Folau’s captaincy claim is a smokescreen as mediation looms


So what is behind his extraordinary claim, in court documents lodged as part of his unlawful termination fight with Rugby Australia and the NSW Waratahs, that he might have captained Australia to a World Cup win and has – therefore – been robbed of up to $14 million in lost earnings over the latter stages of his career and post-rugby life?

There were a few theories doing the rounds of the rugby and legal circles on Wednesday, when the amended statement of claim was published on the Federal Circuit Court’s website.

Legal representative for Israel Folau, George Faros, left.Credit:AAP

Timing is key. The case is set down for mediation in Melbourne on Monday, a session that both Folau and RA boss Raelene Castle will attend with their legal teams.

It is not the first time a court date has been preceded by a flurry of media coverage and some sensational claims.

The day before the case’s debut in court – a directions hearing in Melbourne in August – Folau’s social media pages went offline. The blanket coverage that ensued of the unexplained outage wrested attention away from the Wallabies’ sensational Test win over New Zealand three days prior and back on to Folau.

This time the message was more pointed. Aside from the captaincy line, Folau’s amended statement of claim and the interview with his solicitor, George Haros, contained four more new or newly-detailed points. First, that at least 15 teammates and coaching staff had voiced their support for him; second, that a senior player had warned Castle and Cheika that Folau’s sacking would split the team; third, that senior Wallabies had provided affidavits (and therefore could be called before an open court in February); and, fourth, that Folau’s team was going hard after the alleged bias of one of the panel members that originally ordered the fullback’s sacking.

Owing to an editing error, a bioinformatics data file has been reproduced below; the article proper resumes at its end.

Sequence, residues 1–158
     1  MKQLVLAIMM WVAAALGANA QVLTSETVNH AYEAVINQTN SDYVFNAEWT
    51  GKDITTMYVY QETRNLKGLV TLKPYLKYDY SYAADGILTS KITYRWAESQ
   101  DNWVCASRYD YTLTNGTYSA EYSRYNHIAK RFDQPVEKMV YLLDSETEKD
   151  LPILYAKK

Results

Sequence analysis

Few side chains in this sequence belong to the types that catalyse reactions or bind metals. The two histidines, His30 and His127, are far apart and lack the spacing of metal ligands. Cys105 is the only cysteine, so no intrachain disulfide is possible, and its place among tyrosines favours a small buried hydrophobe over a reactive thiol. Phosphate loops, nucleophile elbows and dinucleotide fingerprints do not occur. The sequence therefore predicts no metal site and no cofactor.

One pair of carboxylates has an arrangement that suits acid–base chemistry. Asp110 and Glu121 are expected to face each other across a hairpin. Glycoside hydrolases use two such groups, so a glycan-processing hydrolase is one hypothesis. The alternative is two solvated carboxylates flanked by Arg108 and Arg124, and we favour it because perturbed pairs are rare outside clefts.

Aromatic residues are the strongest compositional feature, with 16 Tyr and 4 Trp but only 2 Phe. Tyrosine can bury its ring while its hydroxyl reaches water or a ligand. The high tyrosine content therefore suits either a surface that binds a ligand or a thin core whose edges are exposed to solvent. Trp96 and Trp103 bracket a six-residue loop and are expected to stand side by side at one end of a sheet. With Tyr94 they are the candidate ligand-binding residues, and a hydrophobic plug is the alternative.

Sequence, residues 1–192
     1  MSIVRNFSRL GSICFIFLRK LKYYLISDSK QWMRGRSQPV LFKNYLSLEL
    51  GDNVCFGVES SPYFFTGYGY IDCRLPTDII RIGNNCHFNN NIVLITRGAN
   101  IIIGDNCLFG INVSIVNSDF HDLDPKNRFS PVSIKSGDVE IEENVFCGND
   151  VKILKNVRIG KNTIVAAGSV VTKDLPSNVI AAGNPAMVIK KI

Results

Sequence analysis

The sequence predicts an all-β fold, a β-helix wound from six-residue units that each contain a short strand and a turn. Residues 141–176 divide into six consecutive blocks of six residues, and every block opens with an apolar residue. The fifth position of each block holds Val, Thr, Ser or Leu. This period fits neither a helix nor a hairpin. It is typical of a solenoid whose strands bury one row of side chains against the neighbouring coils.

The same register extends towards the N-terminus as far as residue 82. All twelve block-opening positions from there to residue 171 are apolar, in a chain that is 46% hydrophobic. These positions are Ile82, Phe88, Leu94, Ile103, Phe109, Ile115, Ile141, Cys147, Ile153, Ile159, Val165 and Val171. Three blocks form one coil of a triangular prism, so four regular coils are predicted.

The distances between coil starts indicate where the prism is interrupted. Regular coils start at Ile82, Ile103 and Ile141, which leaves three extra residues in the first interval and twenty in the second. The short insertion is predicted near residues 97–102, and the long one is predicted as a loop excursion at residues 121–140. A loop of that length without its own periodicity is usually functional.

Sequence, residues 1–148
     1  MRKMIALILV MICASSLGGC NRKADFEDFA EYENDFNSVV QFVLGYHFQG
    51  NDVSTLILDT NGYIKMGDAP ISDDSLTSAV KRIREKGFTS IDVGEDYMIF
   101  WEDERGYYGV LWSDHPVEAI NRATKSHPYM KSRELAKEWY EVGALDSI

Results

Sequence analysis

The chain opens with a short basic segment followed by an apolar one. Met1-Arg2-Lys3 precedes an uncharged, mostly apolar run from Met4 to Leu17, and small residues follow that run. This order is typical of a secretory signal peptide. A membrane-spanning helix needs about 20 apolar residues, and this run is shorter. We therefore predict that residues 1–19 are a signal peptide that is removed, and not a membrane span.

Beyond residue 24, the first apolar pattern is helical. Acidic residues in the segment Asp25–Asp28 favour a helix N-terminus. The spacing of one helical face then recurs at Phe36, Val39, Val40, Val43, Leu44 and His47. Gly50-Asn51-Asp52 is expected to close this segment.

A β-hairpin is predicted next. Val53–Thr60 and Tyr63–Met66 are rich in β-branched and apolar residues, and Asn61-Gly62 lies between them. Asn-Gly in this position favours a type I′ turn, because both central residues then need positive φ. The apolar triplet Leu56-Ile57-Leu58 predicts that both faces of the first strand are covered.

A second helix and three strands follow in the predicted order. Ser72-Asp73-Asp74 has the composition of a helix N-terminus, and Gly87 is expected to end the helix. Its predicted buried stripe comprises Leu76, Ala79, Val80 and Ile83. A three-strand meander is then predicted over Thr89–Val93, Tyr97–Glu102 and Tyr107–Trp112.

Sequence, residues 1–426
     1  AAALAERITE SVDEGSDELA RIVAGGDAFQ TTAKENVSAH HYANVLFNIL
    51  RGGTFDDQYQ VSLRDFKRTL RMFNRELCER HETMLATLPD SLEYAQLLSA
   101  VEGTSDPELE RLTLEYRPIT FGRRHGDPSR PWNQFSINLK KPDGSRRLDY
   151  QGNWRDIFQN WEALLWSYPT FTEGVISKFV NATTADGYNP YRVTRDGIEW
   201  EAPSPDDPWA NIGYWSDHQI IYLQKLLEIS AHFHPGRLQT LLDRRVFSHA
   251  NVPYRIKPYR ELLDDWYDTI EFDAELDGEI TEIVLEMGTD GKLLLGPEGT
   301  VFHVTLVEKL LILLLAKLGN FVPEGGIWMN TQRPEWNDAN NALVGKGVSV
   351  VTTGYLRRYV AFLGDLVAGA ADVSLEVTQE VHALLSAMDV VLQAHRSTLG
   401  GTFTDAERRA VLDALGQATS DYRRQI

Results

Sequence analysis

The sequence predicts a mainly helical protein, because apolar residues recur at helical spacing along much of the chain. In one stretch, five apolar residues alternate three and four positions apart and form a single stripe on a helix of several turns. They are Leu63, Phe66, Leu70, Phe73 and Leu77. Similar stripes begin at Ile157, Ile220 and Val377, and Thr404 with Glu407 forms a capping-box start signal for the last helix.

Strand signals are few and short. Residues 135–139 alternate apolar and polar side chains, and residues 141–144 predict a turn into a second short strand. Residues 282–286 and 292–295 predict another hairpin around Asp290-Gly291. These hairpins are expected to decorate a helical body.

It is not the first time a court date has been preceded by a flurry of media coverage and some sensational claims.

It was explosive stuff and has ratcheted up the heat on RA as they collect their thoughts and strategise ahead of mediation.

There is also the theory that, by pumping up the lost earnings claim from $10 million in June to $14 million, any likely settlement figure the parties might agree upon would be higher. It’s a classic negotiation tactic.

How Folau’s legal team backs up the lost earnings claim is another matter. His solicitor George Haros said in Melbourne on Wednesday that they would rely on “expert evidence”.

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But compensation for lost earnings arguments have a chequered history in Australia and in Folau’s case there is no suggestion his experience here would stop him from playing overseas in French, English or Japanese rugby.

More likely, the latest instalment in the Folau saga was just that. More positioning, and perhaps more important than ever before, after the dual code international’s damaging comments about the bushfire victims last week.

Haros finished his brief media appearance with the following statement, unsolicited: “I don’t want to make any comment specifically about the sermon other than to say that, after having spoken to Israel, it was not his attention to offend any victims of the bushfires”.

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